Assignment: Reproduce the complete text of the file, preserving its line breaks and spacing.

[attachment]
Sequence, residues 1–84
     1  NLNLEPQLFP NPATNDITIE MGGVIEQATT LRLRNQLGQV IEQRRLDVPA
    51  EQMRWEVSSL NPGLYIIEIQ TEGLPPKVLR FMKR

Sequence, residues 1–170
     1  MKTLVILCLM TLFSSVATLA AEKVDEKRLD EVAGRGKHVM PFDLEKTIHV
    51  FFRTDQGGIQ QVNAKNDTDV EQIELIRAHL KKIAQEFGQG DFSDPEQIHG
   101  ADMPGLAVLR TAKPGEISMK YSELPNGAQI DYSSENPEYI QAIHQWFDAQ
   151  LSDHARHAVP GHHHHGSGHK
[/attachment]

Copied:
Sequence, residues 1–84
     1  NLNLEPQLFP NPATNDITIE MGGVIEQATT LRLRNQLGQV IEQRRLDVPA
    51  EQMRWEVSSL NPGLYIIEIQ TEGLPPKVLR FMKR

Sequence, residues 1–170
     1  MKTLVILCLM TLFSSVATLA AEKVDEKRLD EVAGRGKHVM PFDLEKTIHV
    51  FFRTDQGGIQ QVNAKNDTDV EQIELIRAHL KKIAQEFGQG DFSDPEQIHG
   101  ADMPGLAVLR TAKPGEISMK YSELPNGAQI DYSSENPEYI QAIHQWFDAQ
   151  LSDHARHAVP GHHHHGSGHK